Jack Campbell is a pseudonym for author John G. Hemry who writes other military science fiction under his real name. He’s a retired Navy officer.

Captain John “Black Jack” Geary’s legendary exploits are known to every schoolchild. Revered for his heroic “last stand” in the early days of the war, he was presumed dead. But a century later, Geary miraculously returns from survival hibernation and reluctantly takes command of the Alliance Fleet as it faces annihilation by the Syndic. Appalled by the hero-worship around him, Geary is nevertheless a man who will do his duty. And he knows that bringing the stolen Syndic hypernet key safely home is the Alliance’s one chance to win the war. But to do that, Geary will have to live up to the impossibly heroic “Black Jack” legend…

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KAT HOOPER, who started this site in June 2007, earned a Ph.D. in neuroscience and psychology at Indiana University (Bloomington) and now teaches at the University of North Florida. When she reads fiction, she wants to encounter new ideas and lots of imagination. She wants to view the world in a different way. She wants to have her mind blown. She loves beautiful language and has no patience for dull prose, vapid romance, or cheesy dialogue. She prefers complex characterization, intriguing plots, and plenty of action. Favorite authors are Jack Vance, Robin Hobb, Kage Baker, William Gibson, Gene Wolfe, Richard Matheson, and C.S. Lewis.

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4 comments

  1. Kevin S /

    An old military buddy recommended this series so I (reluctantly) bought Dauntless at a used book store. I stay away from military fiction because its usually corny or unrealistic or inaccurate or a combination of all three. I’m also not really into space fiction, although I did like Enders Game.

    That said, I really enjoyed this book and gave it 3* over on Goodreads. I wanted to see more action and the description of battle scenes was fairly bland. However, when viewed as the intro to a series as opposed to a stand alone book, it certainly did it’s job of introducing the reader to Black Jack Gearly and the fleet. On a side note, the book (Penguin Press) has very poor editing that can be very annoying.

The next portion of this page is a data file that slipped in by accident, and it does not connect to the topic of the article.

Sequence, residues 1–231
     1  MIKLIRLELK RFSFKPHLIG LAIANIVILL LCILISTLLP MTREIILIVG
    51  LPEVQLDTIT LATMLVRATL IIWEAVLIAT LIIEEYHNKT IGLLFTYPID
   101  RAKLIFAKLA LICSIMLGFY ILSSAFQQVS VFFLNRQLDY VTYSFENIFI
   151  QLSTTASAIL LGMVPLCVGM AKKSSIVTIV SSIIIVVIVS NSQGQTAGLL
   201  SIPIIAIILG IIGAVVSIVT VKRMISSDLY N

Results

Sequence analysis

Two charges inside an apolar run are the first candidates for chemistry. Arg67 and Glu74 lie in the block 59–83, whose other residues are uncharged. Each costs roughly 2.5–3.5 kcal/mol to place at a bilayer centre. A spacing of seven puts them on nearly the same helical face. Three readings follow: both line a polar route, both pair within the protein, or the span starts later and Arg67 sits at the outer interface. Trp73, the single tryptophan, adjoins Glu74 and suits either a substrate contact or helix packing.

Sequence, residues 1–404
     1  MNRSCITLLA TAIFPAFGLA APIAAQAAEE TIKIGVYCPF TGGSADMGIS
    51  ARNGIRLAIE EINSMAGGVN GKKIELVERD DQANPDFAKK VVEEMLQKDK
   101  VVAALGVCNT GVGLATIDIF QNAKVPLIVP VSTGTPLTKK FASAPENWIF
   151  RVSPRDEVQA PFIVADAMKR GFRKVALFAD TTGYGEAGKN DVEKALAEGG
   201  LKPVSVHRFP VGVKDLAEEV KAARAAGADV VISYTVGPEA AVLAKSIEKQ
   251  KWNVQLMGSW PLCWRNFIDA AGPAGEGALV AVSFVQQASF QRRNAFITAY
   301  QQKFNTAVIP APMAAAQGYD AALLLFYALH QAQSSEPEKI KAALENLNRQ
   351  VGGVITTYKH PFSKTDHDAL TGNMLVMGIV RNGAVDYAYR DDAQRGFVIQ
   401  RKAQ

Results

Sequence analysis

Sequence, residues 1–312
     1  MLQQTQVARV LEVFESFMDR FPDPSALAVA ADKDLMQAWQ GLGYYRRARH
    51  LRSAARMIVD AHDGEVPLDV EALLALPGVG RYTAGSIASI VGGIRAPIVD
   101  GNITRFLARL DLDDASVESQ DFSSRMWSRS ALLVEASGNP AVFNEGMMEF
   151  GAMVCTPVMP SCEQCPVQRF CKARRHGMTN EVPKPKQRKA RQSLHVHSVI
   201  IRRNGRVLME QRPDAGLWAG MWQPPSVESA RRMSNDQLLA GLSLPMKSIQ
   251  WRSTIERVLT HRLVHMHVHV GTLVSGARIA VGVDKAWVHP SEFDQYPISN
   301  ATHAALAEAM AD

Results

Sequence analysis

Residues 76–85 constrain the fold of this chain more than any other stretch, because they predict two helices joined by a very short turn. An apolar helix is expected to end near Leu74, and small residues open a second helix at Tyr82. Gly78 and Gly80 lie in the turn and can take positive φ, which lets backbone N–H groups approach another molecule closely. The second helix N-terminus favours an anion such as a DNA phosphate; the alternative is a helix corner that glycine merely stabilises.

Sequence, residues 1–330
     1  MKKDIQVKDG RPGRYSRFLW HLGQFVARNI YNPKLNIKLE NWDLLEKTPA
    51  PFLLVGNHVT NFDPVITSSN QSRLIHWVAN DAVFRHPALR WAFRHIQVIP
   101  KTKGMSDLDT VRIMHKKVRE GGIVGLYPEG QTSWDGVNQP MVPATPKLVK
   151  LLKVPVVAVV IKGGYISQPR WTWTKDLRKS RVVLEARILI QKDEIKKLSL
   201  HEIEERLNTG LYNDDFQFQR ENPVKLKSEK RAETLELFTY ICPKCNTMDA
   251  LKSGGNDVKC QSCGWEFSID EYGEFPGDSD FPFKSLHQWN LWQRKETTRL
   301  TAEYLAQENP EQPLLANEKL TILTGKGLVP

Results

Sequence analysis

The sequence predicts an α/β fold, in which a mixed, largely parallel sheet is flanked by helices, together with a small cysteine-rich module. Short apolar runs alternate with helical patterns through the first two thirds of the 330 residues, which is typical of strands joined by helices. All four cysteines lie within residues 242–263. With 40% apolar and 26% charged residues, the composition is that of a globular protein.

I think this book struck a special chord with me for three reasons. First, I spent 21 years in the Air Force and spent 14 of those years working and flying on aircraft so I could relate to the action scenes in the book. Campbell’s description of air/space crew dialogue was very genuine (no ridiculous romantic relationships like Top Gun and very few corny one-liners). Second, I spent the last 7 years of my AF career teaching and developing curriculum for AF leadership courses (kind of like corporate training). We taught subjects that were covered in Dauntless such as integrity, the laws of war, military structure and command, etc. I could definitely relate. Lastly, I am currently reading the BRILLIANT Aubrey/Maturin series by Patrick O’Brian and I wondered if Black Jack Geary was similar to Lucky Jack Aubrey. I won’t give that away :)

    Dauntless is nothing fancy but I liked it and will continue with the series.

    • Kevin, thanks for letting me know how you feel about this book. I’ll be interested to hear what you think about the rest of the series. I’m glad to know that you find it realistic. I’m sure Campbell’s military background is responsible for that.

      I loved the Aubrey/Maturin series. I read the whole thing years ago. Twenty and a half books? Something like that.

      • Kevin S. /

        The Aubrey/Maturin series is a masterpiece. Many people get turned off by the Navy jargon and the 19th century British slang, and that’s understandable. I still love it. I’m starting book #16 soon.

        • I loved the jargon and slang because I learned so much from them. Now when I hear naval terms, I understand most of them!